Mountain Bike Safari (Flunking Sainthood Day 9)

One of the great joys of living at Kijabe is living on the Rift Valley Escarpment, a 2,000 foot ridge which drops from the alpine forests above us to the semi-arid plains below.  There are no level surfaces here:  every road, driveway, and forest sits on a steep pitch.  Combined with the heavy foot traffic and herds of cows, sheep, and goats, the area is interlaced with world class ready-made mountain bike trails.  Over the years, different people living here have pieced together routes to nearby villages, as well as faraway towns and lakes, entirely on trails.  We decided to set out today on a mountain bike safari.

There are a handful of bikes and bikers here, and we have two skilled mountain bikers visiting, Thomas and Meghan Higgins.  They live at 6,000 feet in Salt Lake City, and love to mountain bike, so they are looking forward to the challenge.  Both Thomas and I are not on call this weekend, so we decided to put together an adventure.

We’re grateful for the loan of David Shirk’s mountain bike, as he is back in the US at the moment.  Four of us assembled at our house, got tires pumped up, found helmets that fit, and packed enough food and water to get to our destination, a small hostel called Longonot Lodge, about 20 miles away.  This lodge sits on a stunning plateau, surrounded by plains full of zebra, Thompson gazelle, hartebeest, and the occasional giraffe and buffalo, and ostrich.  The lodge was originally built by Ernest Hemingway for his wife, and is now run by a German/Kenyan couple as a guest house.  We had called the day before to book lunch at their outdoor restaurant.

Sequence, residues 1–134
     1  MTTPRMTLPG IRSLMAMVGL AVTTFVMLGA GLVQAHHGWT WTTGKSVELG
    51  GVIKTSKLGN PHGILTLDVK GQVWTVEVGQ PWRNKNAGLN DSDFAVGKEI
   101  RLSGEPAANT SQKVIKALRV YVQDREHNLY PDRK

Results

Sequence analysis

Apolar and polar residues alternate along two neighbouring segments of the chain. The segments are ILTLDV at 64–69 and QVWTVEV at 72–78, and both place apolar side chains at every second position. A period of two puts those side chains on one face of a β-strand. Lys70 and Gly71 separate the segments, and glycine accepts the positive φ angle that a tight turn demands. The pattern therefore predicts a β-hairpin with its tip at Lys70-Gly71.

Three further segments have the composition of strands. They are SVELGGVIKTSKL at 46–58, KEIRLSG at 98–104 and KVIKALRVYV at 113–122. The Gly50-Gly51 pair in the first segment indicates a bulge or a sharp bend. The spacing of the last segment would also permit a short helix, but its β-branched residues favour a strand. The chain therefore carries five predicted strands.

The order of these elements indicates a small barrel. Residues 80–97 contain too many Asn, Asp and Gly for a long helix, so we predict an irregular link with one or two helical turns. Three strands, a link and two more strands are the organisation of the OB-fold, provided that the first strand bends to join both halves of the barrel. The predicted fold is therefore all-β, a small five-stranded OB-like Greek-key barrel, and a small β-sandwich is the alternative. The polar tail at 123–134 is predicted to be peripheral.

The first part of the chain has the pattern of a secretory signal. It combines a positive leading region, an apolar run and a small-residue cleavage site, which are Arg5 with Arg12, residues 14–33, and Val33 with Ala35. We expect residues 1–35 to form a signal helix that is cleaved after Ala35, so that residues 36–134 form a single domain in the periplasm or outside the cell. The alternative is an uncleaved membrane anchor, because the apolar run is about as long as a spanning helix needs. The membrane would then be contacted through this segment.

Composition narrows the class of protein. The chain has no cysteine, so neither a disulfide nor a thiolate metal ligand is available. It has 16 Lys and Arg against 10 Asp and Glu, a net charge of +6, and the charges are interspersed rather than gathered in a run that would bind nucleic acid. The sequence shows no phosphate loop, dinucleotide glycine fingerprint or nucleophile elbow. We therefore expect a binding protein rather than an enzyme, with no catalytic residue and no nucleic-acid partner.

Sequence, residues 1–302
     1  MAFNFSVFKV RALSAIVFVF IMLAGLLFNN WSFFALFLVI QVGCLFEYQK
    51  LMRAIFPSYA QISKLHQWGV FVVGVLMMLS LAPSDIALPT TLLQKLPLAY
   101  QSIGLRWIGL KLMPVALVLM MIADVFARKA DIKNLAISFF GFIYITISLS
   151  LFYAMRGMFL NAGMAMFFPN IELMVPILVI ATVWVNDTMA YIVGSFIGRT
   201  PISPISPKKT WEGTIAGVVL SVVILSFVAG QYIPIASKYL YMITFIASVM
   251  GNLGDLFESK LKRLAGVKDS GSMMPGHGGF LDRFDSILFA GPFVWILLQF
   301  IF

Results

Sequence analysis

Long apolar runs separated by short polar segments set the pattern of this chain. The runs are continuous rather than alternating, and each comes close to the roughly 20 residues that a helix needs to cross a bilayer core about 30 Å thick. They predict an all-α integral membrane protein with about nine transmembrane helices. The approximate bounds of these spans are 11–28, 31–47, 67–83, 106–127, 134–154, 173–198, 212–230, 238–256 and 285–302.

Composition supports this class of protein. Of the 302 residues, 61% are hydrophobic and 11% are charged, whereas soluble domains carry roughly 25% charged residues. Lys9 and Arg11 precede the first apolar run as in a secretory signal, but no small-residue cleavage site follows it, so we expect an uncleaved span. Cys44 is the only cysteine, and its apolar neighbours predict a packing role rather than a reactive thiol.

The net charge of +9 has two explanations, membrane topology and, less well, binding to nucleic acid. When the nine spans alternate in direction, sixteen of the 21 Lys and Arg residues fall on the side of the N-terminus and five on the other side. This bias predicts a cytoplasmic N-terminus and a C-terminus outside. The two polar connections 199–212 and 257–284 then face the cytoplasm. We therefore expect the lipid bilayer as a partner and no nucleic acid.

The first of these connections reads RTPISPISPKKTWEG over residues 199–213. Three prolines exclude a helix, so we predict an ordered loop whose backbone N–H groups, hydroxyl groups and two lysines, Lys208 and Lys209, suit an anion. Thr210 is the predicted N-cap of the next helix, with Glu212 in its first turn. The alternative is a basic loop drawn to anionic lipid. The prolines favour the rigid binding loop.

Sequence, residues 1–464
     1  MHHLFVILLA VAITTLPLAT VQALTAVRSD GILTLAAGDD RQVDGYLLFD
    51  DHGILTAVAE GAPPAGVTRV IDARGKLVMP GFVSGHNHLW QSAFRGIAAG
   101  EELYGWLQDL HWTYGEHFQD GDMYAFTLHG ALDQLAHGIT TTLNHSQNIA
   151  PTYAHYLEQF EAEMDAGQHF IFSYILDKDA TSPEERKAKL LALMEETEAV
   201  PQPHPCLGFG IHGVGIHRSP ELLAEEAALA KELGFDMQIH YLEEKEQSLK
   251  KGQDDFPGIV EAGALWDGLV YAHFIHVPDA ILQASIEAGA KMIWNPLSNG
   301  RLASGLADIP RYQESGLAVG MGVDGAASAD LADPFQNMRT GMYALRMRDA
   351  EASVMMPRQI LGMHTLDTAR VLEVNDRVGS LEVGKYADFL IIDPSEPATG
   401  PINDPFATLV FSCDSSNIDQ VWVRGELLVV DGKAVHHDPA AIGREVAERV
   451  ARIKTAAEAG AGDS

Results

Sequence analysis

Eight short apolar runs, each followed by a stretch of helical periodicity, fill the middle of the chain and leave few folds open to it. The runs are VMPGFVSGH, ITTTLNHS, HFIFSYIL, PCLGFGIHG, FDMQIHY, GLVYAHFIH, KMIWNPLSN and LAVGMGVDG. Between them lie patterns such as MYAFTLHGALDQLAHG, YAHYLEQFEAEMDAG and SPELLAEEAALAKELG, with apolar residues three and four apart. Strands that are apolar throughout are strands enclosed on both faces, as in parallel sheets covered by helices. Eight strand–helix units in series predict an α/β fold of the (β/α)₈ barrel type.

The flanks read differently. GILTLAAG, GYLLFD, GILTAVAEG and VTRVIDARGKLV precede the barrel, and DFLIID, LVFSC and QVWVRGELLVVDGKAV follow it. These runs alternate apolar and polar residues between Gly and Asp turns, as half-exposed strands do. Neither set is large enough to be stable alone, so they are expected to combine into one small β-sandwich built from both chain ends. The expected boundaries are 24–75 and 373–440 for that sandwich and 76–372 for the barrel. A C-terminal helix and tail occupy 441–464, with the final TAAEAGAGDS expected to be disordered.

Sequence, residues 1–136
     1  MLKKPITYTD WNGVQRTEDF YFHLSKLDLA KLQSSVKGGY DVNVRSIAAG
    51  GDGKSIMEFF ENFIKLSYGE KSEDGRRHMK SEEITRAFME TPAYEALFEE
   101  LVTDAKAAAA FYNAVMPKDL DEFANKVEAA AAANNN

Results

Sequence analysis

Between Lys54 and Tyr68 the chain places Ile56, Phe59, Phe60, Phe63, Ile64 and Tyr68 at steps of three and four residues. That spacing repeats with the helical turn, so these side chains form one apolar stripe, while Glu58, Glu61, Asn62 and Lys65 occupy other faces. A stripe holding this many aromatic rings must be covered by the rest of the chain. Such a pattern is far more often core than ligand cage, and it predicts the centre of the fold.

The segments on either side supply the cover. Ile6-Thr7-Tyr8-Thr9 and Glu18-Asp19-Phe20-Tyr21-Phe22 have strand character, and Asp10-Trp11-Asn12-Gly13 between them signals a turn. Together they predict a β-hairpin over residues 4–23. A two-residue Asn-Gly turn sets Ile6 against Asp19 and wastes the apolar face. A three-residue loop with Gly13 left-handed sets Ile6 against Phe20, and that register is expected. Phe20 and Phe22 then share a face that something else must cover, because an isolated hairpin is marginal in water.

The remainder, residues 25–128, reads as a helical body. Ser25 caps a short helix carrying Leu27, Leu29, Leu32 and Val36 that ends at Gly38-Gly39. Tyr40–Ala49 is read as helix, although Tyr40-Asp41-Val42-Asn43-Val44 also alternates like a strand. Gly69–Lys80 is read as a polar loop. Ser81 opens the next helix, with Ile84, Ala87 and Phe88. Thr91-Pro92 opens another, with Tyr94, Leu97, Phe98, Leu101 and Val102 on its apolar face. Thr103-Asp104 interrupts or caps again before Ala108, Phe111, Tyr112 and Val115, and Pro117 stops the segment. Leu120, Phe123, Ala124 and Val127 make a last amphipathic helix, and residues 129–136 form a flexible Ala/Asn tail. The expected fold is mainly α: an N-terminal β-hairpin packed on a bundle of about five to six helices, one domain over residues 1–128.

We set out mid-morning, a brief climb followed by a high speed descent on a twisty, muddy road which descends through dense bush to “Old Kijabe Town”.  This is the real Kenyan village, Kijabe Hospital being a later addition about a hundred years ago.  As we reached the village, Michael suffered an early set back, a flat tire.  We spent a good bit of time getting this fixed, as we went through two spare inner tubes which had holes in them, a pump which didn’t work, and finally used the wrong-size tube for his tire.  Any port in a storm.

We continued the journey, climbing up above the village to bypass a deep ravine filled with stinging nettles.  A brief, twisting descent on cow trails brought us to a broad, rolling trail called “old railway bed.”  A non-imaginative name, as this trail represents the remnants of the colonial era Mombasa-Uganda railway, otherwise known as “the Lunatic Express.”  This railways features in movies such as “Out of Africa” and “The Ghost and the Darkness”, and is best known for the two male lions of Tsavo which ate many workers and nearly halted the railways construction.  As we ride, we are journeying over dark history, as the railway represents the worst of colonial ambitions.

We make our way down the fast paced, twisting trails.  Segments of mud, spectacular vistas over the Kenyan planes, deep ravines where we form a human chain to transit bikes and each other to the far side.  Thumping drum beats from local village churches , squealing groups of children, intimidating cacti lining the trail, dodging herds of cattle, goats, and sheep, and finally we arrive in the heat and humidity of the valley floor.